Of the 15 quarterbacks selected in last year’s draft, seven ended up starting at least one regular-season game in 2016. The Rams’ Jared Goff and the Eagles’ Carson Wentz comprised the top two picks of the draft, but it was Cowboys fourth-round signal-caller Dak Prescott, the 135th overall choice, who ultimately emerged as the NFL Offensive Rookie of the Year and the face of a 13-3 team.
When the Cowboys drafted Prescott, there was little expectation he’d garner significant playing time right away, let alone thrive from the get-go, with Tony Romo on the roster. But debilitating summer injuries to Romo and backup Kellen Moore opened the door for Prescott, who’s now firmly entrenched under center in Dallas. Romo, realizing he wasn’t going to start again for the Cowboys, is now working for CBS.
While it’s hard to imagine any rookie quarterback from this year’s 10-man class bursting on the scene in Prescott-like fashion, it stands to reason at least some will get opportunities to do so. Like last year, three passers went in the first round of the 2017 draft, though immediate playing time isn’t a guarantee for any. For now, Mitch Trubisky (No. 2 overall, Bears), Patrick Mahomes (No. 10, Chiefs) and Deshaun Watson (No. 12, Texans) are in understudy roles.
Trubisky, a one-year starter at North Carolina for whom Chicago somewhat controversially traded up a spot to select, reportedly won’t see the field as a rookie unless free agent investment Mike Glennon flops. Considering Glennon previously held a starting job in Tampa Bay but didn’t do enough to keep it, he very well could struggle enough for Trubisky to grab the reins in 2017.
Watson might also take the helm sooner than later, as the ex-Clemson national championship winner whom the Texans traded up 13 spots to draft is behind a veteran, Tom Savage, who’s almost completely untested. Given that the Texans have sullied quality rosters with subpar quarterbacks in recent seasons, it could behoove them to plug in Watson if Savage, he of two career starts and zero touchdown passes, looks like another Brock Osweiler this year.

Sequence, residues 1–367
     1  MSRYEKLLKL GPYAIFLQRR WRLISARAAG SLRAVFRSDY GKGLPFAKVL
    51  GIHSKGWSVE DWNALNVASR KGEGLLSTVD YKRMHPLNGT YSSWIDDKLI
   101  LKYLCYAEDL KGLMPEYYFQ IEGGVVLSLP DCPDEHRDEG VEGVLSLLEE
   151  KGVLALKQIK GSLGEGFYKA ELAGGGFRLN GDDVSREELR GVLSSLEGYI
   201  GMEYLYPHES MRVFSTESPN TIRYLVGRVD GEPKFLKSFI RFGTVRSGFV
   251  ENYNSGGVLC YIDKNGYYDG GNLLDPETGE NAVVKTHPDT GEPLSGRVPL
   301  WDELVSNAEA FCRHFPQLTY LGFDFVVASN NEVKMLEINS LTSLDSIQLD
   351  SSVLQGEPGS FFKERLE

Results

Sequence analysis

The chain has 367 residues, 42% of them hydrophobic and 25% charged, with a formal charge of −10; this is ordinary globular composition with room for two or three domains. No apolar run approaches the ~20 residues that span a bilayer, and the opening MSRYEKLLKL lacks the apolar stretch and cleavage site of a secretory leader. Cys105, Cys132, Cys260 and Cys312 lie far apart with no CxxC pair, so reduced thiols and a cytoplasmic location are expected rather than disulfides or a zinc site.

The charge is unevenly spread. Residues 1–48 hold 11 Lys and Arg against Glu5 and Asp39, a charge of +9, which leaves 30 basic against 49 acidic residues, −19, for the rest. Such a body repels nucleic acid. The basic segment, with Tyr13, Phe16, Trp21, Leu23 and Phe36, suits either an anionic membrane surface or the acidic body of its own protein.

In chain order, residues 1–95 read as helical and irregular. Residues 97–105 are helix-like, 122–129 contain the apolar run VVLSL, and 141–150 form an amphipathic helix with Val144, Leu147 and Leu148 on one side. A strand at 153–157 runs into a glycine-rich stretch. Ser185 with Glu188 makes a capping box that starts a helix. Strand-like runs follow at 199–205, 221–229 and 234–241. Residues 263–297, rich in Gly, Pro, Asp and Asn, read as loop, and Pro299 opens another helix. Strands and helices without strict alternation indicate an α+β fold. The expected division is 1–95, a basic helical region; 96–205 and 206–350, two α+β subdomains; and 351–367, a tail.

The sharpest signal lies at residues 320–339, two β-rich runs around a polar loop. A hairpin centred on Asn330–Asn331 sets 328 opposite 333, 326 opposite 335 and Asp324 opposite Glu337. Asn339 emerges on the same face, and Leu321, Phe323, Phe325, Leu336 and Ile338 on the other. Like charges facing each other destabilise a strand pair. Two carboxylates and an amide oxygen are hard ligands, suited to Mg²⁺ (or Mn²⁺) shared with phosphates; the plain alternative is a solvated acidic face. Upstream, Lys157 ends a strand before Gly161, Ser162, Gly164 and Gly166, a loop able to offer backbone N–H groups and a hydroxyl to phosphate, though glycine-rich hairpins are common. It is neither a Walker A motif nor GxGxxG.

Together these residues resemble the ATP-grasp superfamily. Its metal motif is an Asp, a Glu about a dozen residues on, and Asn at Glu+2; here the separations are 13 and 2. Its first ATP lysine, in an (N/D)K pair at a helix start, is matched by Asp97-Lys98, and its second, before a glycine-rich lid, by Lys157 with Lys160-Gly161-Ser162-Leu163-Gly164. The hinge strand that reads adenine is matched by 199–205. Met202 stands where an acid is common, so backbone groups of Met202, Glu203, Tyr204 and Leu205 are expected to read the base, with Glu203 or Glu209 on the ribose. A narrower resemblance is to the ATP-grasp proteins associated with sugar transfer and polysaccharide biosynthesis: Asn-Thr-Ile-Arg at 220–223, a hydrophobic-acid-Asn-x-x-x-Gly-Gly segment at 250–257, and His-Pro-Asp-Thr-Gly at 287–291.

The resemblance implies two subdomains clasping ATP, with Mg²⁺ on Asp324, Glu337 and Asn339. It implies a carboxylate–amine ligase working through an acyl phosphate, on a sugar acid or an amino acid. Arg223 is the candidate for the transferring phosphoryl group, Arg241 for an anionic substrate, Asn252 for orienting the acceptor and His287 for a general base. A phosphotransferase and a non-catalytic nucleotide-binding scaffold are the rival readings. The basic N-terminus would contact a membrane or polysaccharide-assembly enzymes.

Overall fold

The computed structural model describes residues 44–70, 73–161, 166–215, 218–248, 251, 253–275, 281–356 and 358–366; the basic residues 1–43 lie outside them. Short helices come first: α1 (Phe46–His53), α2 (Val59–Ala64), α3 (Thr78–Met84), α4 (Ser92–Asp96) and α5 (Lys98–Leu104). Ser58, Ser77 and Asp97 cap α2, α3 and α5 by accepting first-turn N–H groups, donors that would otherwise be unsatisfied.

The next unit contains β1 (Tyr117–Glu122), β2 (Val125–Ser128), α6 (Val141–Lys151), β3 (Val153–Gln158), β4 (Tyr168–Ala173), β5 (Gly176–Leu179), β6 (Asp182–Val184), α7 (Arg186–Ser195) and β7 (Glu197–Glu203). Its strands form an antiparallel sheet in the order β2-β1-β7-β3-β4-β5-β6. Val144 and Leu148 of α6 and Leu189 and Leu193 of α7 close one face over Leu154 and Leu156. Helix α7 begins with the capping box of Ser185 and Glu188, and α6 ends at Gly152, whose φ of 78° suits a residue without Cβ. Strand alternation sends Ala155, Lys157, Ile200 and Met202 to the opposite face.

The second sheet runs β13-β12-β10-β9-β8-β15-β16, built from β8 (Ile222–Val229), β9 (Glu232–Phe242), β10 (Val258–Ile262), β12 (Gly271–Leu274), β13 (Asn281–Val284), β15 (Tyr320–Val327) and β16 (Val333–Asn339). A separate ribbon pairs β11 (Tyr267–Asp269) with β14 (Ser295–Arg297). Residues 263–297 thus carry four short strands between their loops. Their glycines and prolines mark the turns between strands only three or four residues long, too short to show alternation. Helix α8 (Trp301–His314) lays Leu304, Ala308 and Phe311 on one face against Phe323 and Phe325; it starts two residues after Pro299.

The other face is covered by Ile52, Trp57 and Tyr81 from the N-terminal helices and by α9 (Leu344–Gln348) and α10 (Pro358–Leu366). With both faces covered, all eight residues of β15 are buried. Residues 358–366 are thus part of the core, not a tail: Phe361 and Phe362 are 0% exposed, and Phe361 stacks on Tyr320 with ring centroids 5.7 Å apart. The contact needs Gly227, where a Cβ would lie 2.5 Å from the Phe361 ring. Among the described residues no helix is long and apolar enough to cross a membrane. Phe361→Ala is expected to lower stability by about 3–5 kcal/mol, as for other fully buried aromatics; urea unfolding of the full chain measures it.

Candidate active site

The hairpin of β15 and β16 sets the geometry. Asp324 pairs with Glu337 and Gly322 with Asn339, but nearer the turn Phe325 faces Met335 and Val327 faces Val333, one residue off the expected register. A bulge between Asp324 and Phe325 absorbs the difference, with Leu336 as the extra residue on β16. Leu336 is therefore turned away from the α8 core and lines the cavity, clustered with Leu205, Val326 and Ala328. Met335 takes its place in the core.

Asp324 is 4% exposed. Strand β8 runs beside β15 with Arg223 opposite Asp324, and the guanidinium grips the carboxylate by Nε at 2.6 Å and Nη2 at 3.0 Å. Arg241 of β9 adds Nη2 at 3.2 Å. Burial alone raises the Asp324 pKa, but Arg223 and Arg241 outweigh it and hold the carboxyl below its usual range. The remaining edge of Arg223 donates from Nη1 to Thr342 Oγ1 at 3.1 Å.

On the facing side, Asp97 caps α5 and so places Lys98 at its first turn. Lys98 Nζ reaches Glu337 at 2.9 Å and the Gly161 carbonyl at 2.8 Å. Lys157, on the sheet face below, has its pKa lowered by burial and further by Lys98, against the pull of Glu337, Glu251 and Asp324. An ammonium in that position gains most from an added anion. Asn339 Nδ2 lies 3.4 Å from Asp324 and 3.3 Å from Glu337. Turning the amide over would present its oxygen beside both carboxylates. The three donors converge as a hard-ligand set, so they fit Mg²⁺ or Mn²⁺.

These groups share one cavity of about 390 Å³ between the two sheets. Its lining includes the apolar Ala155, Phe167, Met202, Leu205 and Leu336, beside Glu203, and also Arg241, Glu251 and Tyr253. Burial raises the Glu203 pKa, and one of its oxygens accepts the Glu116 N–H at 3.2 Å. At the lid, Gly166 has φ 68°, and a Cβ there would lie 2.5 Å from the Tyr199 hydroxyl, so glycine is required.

An early path to playing time appears less clear for Mahomes, even though Kansas City paid a high price to go up 17 places to secure him. At the moment, the ex-Texas Tech gunslinger looks like a good bet to red shirt 2017 behind Alex Smith as the Chiefs take at least one more kick at the Super Bowl can with the steady (albeit non-elite) veteran at the helm.
Perhaps more than any other QB in this year’s class, Browns second-rounder DeShone Kizer stands out as someone who looks destined to amass playing time as a rookie. The 52nd pick and former Notre Dame dual threat has impressed in the very early going in Cleveland. Moreover, his main competitors for the Browns’ open starting job, Osweiler and Cody Kessler, aren’t exactly Otto Graham and Bernie Kosar.
As Prescott and 2012 third-rounder Russell Wilson have shown in the past half-decade, a quarterback doesn’t necessarily have to come off the board at the top of the draft to star right away. That’s surely heartening to the Giants’ Davis Webb (third round, No. 87), the 49ers’ C.J. Beathard (third round, No. 104), the Steelers’ Joshua Dobbs (fourth round, No. 135), the Bills’ Nathan Peterman (fifth round, No. 171), the Lions’ Brad Kaaya (sixth round, No. 215) and the Broncos’ Chad Kelly (seventh round, No. 253). Barring injuries, though, Webb, Dobbs and Kaaya have virtually no chance to earn starting roles at any point in 2017, as each is behind an established veteran. On the other hand, there’s no Eli Manning, Ben Roethlisberger or Matthew Stafford on any of the rosters of the 49ers, Bills and Broncos, which could give Beathard, Peterman and Kelly a glimmer of hope. Still, for various reasons, all three look like major long shots to break out as rookies. Then again, the same could’ve been said about Prescott 12 months ago.
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